Claude Monet (1840-1926)
oil on canvas, 17.32 x 21.65 in. (44 x 55 cm)
Prior to its theft from a repository in Meissen, Germany, in 1945, Claude Monet’s Thaw was housed in the Suermondt-Museum, today, the Suermondt-Ludwig-Museum in Aachen, Germany.
Colloquially known as Aachen’s “salon,” the municipal collection began in 1877 under a museum association. When German entrepreneur Barthold Suermondt bequeathed more than one hundred paintings from his collection to the city of Aachen in 1882, it became the Suermondt-Museum the following year. At the turn of the century, the museum moved to its current location, Villa Cassalette, an opulent residence in the Renaissance Revival style. Its contemporary name is due to the generous donation of artworks from the private collection of Peter and Irene Ludwig in 1977 and numerous permanent loans from the same collection. Today, it is one of Germany’s largest municipal collections with fifteen hundred paintings, seven hundred sculptures, and ten thousand graphic works, in addition to decorative arts and crafts collections. Its breadth spans the medieval period through the twentieth century, with an excellent representation of Dutch and Flemish works from the late-Gothic era to the Dutch Golden Age of the seventeenth century.
In early 1942, Aachen, which is located on Germany’s borders with the Netherlands and Belgium, was targeted by the British Royal Air Force (RAF) in its strategic bombing campaigns of western Germany. To protect its collection from the imminent bombing, the Suermondt-Museum relocated works to eastern Germany, at the time not realizing the future risks of moving closer to the Eastern Front and Soviet Union. Portions of the collection which had previously been relocated to Schloss Bückeburg, a castle approximately 30 miles west of Hanover, accompanied other works to Albrechtsburg, a castle in Meissen, near Dresden.
The Suermondt-Museum suffered considerable losses to its collection in the immediate aftermath of World War II to the Soviet Union. When Nazi Germany surrendered in 1945, Dresden and the surrounding areas fell under Soviet occupation. After combat ceased, the Russians sought reparations from Germany for the cultural losses it had sustained a few years prior when the Nazis invaded the Soviet Union. The so-called Soviet “Trophy Brigades” entered occupied Germany and systematically seized and siphoned its cultural treasures east. More than two hundred of the 476 paintings from the Museum that were stored in Meissen remain missing from the collection, including Monet’s Thaw.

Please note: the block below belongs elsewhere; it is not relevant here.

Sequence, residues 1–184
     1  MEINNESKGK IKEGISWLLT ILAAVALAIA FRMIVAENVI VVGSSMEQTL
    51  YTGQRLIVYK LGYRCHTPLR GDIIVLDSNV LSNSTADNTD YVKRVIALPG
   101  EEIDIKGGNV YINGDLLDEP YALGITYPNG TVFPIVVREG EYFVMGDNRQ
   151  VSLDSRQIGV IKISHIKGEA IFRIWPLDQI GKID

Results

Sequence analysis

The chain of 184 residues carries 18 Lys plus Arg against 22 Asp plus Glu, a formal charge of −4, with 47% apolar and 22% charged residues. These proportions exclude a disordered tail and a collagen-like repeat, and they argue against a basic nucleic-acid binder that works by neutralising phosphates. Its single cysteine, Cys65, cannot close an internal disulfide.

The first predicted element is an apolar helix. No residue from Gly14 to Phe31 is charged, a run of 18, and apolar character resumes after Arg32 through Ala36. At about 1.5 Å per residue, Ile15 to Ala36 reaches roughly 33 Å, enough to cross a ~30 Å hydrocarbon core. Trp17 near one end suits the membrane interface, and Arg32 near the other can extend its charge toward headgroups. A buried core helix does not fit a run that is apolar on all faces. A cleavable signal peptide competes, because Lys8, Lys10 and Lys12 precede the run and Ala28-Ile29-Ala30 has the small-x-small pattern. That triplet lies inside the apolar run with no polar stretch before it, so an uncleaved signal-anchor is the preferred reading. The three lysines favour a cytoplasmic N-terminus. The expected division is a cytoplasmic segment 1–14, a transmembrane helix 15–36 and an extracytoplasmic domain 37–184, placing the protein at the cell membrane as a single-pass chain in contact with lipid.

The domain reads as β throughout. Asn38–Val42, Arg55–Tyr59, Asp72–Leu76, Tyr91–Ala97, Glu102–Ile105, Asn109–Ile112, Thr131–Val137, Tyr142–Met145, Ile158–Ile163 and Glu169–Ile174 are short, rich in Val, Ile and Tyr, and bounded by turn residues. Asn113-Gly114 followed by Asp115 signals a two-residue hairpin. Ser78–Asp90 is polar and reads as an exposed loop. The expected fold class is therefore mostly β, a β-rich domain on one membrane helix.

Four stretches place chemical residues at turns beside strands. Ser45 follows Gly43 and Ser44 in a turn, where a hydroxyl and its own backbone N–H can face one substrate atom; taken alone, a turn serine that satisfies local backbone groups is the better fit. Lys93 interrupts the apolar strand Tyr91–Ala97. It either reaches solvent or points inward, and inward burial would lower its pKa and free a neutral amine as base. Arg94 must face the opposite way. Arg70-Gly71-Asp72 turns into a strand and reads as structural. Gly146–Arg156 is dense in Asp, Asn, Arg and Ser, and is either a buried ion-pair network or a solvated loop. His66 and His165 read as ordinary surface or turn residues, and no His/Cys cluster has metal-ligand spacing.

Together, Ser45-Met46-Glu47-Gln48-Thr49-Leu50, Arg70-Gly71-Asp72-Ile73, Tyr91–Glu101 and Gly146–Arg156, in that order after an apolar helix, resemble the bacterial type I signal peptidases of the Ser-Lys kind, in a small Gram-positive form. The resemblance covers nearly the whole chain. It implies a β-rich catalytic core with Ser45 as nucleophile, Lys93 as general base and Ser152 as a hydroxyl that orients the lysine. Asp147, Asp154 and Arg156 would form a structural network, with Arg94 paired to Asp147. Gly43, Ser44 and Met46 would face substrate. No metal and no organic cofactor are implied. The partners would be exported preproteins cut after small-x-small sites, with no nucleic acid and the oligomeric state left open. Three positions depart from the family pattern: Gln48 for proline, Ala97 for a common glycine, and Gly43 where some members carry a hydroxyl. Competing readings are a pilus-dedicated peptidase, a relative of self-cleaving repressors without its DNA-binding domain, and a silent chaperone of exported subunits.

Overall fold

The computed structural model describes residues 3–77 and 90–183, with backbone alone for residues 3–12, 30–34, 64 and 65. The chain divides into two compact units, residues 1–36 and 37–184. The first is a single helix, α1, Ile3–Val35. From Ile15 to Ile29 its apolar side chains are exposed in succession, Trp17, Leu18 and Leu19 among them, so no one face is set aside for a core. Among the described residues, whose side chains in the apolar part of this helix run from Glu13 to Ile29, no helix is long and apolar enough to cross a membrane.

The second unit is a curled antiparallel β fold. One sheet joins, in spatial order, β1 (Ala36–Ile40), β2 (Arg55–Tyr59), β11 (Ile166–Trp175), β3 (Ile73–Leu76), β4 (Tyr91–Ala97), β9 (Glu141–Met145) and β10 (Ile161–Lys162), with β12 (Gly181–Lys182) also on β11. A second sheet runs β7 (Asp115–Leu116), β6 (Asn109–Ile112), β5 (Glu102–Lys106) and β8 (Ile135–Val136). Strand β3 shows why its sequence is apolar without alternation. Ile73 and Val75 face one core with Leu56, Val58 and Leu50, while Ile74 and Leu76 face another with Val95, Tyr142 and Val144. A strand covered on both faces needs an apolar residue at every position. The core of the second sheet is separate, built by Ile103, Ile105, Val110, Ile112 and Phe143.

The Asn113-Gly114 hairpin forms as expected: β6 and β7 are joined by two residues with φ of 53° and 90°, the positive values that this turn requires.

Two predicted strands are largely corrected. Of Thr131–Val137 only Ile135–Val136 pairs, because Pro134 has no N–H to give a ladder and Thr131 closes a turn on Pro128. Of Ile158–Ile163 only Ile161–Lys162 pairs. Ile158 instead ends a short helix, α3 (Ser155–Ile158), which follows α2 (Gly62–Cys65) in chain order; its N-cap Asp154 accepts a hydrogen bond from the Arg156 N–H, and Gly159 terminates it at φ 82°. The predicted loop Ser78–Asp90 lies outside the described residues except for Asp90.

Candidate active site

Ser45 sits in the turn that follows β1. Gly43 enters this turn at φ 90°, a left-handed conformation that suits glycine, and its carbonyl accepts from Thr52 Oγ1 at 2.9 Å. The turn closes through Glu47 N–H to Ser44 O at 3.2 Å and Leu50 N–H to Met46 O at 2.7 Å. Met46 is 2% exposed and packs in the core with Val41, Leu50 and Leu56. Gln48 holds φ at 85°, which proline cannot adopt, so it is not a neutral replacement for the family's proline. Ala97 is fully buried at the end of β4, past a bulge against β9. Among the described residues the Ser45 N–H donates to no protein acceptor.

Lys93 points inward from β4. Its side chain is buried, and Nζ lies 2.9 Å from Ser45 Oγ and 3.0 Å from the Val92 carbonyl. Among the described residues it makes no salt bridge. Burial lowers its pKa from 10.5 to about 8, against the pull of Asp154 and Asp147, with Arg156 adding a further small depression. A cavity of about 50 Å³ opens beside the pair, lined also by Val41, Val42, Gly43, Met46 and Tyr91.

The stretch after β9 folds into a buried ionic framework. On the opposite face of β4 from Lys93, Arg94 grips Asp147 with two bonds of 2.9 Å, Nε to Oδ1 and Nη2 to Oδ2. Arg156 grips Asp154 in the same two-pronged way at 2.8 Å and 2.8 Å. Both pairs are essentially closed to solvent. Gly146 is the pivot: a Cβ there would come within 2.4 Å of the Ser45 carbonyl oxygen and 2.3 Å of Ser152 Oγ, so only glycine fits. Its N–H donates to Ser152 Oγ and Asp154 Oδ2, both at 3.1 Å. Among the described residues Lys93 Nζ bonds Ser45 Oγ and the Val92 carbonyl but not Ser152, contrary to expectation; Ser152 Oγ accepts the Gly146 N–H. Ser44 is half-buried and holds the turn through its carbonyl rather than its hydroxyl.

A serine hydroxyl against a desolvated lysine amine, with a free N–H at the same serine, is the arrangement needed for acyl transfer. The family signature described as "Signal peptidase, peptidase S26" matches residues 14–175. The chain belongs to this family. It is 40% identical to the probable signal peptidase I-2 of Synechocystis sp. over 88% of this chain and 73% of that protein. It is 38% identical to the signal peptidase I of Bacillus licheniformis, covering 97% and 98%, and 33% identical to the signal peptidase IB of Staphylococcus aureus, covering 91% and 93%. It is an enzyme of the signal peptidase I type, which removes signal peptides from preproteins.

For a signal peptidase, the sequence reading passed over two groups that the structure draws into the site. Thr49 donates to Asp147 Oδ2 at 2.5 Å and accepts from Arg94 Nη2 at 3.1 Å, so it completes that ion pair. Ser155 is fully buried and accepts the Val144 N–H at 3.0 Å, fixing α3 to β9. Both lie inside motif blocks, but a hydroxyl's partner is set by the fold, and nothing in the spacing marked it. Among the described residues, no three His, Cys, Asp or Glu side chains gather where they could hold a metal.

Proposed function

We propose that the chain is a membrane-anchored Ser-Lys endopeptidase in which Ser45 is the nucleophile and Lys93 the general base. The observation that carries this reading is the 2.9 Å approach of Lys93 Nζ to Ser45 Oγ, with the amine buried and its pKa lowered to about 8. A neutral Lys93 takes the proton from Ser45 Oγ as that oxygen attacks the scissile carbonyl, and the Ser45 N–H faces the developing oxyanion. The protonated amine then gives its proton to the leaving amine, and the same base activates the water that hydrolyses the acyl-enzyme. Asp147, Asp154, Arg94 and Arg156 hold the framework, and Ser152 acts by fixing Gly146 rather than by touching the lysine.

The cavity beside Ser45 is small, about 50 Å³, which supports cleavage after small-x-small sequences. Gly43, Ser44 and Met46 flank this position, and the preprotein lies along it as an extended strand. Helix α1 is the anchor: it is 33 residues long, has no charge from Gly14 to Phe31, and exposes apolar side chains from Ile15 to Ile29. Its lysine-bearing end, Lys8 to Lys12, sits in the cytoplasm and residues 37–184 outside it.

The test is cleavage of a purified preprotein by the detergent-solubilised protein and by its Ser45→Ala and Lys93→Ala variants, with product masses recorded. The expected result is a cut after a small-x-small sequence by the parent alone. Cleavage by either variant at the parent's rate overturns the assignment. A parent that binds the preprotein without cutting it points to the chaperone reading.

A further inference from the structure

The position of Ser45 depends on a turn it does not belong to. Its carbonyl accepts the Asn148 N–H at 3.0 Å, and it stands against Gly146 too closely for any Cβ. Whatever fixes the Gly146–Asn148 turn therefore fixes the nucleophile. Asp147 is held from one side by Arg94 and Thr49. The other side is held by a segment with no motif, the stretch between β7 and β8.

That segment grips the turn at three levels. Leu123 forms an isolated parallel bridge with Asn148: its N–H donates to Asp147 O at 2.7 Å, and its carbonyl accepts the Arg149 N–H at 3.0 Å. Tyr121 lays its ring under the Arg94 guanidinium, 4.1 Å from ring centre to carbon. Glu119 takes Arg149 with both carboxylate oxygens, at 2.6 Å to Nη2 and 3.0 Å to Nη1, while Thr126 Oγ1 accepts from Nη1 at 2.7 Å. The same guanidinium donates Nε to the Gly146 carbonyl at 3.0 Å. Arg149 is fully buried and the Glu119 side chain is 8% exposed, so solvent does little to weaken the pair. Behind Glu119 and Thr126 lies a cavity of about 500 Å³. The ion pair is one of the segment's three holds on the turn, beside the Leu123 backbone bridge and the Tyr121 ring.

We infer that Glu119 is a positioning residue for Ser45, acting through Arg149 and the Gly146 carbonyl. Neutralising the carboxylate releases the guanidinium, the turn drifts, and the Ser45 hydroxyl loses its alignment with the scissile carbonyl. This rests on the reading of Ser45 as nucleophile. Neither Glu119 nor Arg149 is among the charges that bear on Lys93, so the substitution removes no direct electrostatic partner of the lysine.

In September 2008, the Suermondt Ludwig Museum unveiled the Phantom Gallery (Schattengalerie), an exhibition that focused on the losses. Due to excellent documentation of its collection throughout its history, the Museum presented eighty “lost” paintings in full-scale, photographic reproductions, including Thaw. Many of the Museum’s missing works were those taken from Meissen. Months after the exhibition opened, seventy-six of the “lost” works were identified by German tourists in Ukraine, formerly Soviet territory, at the Simferopol Art Museum in Crimea. Discussions between the two museums and Germany and Ukraine followed—a swap and permanent loan arrange was the proposed compromise—but dialogue broke down and all progress halted when Russia annexed Crimea and the Simferopol’s collection became Russian state property under Russian laws.
Monet’s Thaw was not among the seventy-six works discovered in Ukraine. Rather, it is believed to be in Moscow.